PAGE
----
Think globally, act conventionally. Mr. Worldwide lives up to his handle on his seventh CD, sampling Spain’s Macarena, the Maytals’ Jamaican dancehall, a-ha’s Norwegian pop and much more. Sadly, the raspy cueball squanders that exotic palette by anchoring it to the usual relentless hip-house whompa-whompa, VIP cameos and braggadocious D-bag drivel. It’s a small world after all.

Download: Don’t Stop the Party; Drinks for You (Ladies Anthem)

RATING: 2 (out of 5)

Serena Ryder
Harmony


You can always count on Ryder — to change. The Juno-winning singer-songwriter refuses to be pigeonholed on her long-awaited fourth disc (and followup to her 2008 hit Is It O.K.). One minute she’s drawing on ’50s gospel-blues; the next ’60s girl-group pop, ’70s folk-rock, ’90s folk-hop and more — all while keeping one foot in the present. Unfocused it may be; unimpressive it is not.

Download: For You; Stompa

RATING: 3 (out of 5)

Aaron Lewis
The Road


Just what we need: Another rocker going country. Following in the calculated bootsteps of Hootie, Bon Jovi and umpteen others, Staind screamer Lewis gruffly croons about the joys of whiskey, fishing holes, diesel fuel, granddaddy and Amurrica against a generic landscape of twangy Telecasters and shimmering steel guitars. On the plus side, it’s not nearly as annoying as his day job.

Download: Endless Summer; State Lines

RATING: 2 (out of 5)

Kris Kristofferson
Feeling Mortal


“I never really stopped recording,” Kristofferson told me recently. “It was just some people stopped paying attention.” It’s time they started again. The 76-year-old icon’s latest rustic work offers more moving reflections on life, aging and death, its frank sentiments voiced in Kristofferson’s weathered growl and decorated with no-frills performances produced by Don Was. Immortal stuff.

Download: Feeling Mortal; Stairway to the Bottom

RATING: 4 (out of 5)

Guided By Voices
The Bears for Lunch


And then there were three. Prolific Ohio indie-rocker Robert Pollard and his reconvened crew of drinking buds are back with their third album of 2012. And as always, the proceedings are divided between fuzzy garage-rock nuggets, British Invasion prog-pop, half-baked notions and failed experiments. Sure, they could have just put out one disc of highlights — but where’s the fun in that?

Download: King Arthur the Red; Smoggy Boy

RATING: 3.5 (out of 5)

Holly Cole
Night


Concept and execution. Canadian chanteuse Cole varies the former; she’s done albums about summer, romance, Christmas and Tom Waits. But on this set dedicated to the night, her approach remains reassuringly familiar, as she converts everything from Bond balladry and Beefheart to Lightfoot and Terry Jacks into late-night torch ballads and country-tinged laments. Dim the lights.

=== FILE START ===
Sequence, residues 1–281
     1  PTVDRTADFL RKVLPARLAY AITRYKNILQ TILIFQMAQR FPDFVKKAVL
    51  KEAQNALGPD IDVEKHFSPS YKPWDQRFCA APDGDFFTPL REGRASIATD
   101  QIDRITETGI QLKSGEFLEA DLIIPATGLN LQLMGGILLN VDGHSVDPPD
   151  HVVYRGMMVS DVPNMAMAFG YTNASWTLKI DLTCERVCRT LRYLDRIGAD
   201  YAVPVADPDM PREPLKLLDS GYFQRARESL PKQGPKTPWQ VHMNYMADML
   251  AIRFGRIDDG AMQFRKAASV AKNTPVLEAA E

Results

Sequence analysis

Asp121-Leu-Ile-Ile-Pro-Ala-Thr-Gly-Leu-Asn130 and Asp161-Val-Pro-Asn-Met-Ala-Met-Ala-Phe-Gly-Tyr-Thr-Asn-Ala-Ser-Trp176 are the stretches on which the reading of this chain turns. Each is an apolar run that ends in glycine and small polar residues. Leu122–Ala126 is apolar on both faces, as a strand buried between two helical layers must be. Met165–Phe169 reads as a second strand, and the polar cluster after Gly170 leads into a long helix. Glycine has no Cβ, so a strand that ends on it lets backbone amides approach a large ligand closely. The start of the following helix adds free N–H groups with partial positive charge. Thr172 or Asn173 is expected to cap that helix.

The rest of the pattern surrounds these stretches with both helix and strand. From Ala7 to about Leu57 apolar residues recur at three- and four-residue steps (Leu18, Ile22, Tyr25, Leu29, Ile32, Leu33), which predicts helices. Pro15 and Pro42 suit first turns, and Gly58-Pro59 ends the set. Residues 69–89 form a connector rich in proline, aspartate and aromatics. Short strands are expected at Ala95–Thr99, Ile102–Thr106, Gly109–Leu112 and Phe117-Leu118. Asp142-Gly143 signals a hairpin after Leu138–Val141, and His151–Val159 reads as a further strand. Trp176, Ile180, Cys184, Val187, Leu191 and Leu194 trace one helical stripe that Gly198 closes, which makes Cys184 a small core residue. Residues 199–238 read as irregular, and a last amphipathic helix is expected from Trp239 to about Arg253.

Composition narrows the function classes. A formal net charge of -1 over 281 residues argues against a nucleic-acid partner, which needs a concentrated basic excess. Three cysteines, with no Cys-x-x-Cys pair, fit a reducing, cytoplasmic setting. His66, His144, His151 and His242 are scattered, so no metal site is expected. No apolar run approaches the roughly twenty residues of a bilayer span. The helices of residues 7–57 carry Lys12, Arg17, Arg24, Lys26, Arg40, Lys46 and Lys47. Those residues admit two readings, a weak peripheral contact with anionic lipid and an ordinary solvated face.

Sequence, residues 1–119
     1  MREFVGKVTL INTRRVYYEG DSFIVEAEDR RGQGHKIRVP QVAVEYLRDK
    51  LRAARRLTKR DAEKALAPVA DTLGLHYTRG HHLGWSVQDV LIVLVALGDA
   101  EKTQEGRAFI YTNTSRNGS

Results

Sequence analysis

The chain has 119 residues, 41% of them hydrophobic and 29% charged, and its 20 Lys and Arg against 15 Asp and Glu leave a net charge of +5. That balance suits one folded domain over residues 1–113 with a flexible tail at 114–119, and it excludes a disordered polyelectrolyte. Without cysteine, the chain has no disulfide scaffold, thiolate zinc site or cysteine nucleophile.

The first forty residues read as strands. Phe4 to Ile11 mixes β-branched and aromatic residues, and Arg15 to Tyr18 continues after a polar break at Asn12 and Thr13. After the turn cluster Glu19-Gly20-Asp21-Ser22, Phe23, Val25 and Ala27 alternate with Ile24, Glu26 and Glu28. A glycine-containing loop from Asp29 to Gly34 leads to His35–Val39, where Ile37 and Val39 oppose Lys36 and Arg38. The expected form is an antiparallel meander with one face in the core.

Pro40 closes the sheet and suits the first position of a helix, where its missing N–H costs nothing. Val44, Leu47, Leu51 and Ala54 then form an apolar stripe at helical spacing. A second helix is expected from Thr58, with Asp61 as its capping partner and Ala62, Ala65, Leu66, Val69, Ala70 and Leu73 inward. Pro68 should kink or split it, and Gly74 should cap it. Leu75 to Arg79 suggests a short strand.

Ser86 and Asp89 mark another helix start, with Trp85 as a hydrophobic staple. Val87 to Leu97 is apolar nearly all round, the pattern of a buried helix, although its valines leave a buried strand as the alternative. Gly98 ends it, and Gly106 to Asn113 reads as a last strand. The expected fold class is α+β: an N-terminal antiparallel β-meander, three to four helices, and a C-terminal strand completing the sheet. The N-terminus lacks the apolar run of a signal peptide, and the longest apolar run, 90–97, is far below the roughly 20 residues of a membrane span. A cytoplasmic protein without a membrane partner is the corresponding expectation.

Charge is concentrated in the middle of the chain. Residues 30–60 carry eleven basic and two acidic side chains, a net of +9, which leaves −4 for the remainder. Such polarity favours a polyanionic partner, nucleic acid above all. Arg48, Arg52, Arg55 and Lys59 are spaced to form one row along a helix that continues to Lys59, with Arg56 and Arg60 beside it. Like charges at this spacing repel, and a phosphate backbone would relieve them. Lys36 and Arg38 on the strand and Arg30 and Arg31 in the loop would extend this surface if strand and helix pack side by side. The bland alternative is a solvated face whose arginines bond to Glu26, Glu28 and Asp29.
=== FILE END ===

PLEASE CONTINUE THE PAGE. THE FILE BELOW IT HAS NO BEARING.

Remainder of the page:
Download: Goodtime Charlie’s Got the Blues; Viva Las Vegas

RATING: 3 (out of 5)

Have Not Been the Same
Various Artists


And they have not been forgotten. This compilation — another companion album to the definitive Canadian indie-rock tome first published back in 1991 — unearths buried treasures and rarities from long-beloved (or long-forgotten) artists like Poisoned, The Nils, Doughboys, Sloan, Pursuit of Happiness and many more. Even better: Proceeds benefit Kids Help Phone. You can’t lose.

Download: Slow’s Have Not Been the Same; NoMeansNo’s Dad

RATING: 4 (out of 5)

Tame Impala
Lonerism


One is the onliest number for Tame Impala’s Kevin Parker. The Australian singer-songwriter and multi-instrumentalist penned and played nearly every note on this sophomore release in splendid isolation — all the better to craft his superbly soaring, imaginatively idiosyncratic synthesis of pristine pop melody and multi-textured lysergic audio quirkiness. One for the Flaming Lips heads.

Download: Apocalypse Dreams; Elephant

RATING: 3.5 (out of 5)

Bad Brains
Into the Future


Their future is their past. And their past is their present. Three decades after redefining punk, these influential African-American mavericks and unlikely survivors continue to produce their own potent potion of hardcore propulsion, sludge-metal power and dubby reggae spirituality. Granted, they’ve slowed and softened over the years. But ultimately, they’re still rocking for light. Praise.

Download: Youth of Today; Yes I

RATING: 3 (out of 5)

DVDs

MusiCares Tribute to Barbara Streisand
Various Artists


They may not bring her flowers anymore, but the music biz gave Streisand a bigger and better gift in 2011: A star-studded Grammy tribute. Everyone from Nikki Yanofsky and Diana Krall to Jeff Beck and Faith Hill drops in to lovingly rework Streisand’s hits on this hour-long DVD, which wraps with two songs from the guest of honour. After all, who better to celebrate Babs than Babs?

RATING: 3 (out of 5)

Tony Bennett
The Zen of Bennett


Quality. Simplicity. Honesty. They are the defining qualities of Bennett’s long career — and the hallmarks of this fly-on-the-wall doc by son Danny. The 90-minute film follows the indefatigable octogenarian around the world as he records with the likes of Lady Gaga and Amy Winehouse, reminisces about the old days and old ways, and shares his philosophy on life and love. Superb.

RATING: 3.5 (out of 5)
 


Photos